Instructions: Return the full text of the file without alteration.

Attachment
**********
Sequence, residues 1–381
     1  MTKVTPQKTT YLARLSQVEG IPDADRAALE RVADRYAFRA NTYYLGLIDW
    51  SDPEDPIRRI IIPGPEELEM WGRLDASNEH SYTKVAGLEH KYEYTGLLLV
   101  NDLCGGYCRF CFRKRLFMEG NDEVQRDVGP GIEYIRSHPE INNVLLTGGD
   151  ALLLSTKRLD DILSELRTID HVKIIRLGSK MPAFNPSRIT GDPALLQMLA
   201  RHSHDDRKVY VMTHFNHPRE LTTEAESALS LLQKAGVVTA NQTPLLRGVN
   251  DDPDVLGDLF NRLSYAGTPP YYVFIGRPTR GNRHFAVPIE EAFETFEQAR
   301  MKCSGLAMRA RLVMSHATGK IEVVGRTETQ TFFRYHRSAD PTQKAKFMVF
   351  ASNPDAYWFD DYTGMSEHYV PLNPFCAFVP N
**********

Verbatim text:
Sequence, residues 1–381
     1  MTKVTPQKTT YLARLSQVEG IPDADRAALE RVADRYAFRA NTYYLGLIDW
    51  SDPEDPIRRI IIPGPEELEM WGRLDASNEH SYTKVAGLEH KYEYTGLLLV
   101  NDLCGGYCRF CFRKRLFMEG NDEVQRDVGP GIEYIRSHPE INNVLLTGGD
   151  ALLLSTKRLD DILSELRTID HVKIIRLGSK MPAFNPSRIT GDPALLQMLA
   201  RHSHDDRKVY VMTHFNHPRE LTTEAESALS LLQKAGVVTA NQTPLLRGVN
   251  DDPDVLGDLF NRLSYAGTPP YYVFIGRPTR GNRHFAVPIE EAFETFEQAR
   301  MKCSGLAMRA RLVMSHATGK IEVVGRTETQ TFFRYHRSAD PTQKAKFMVF
   351  ASNPDAYWFD DYTGMSEHYV PLNPFCAFVP N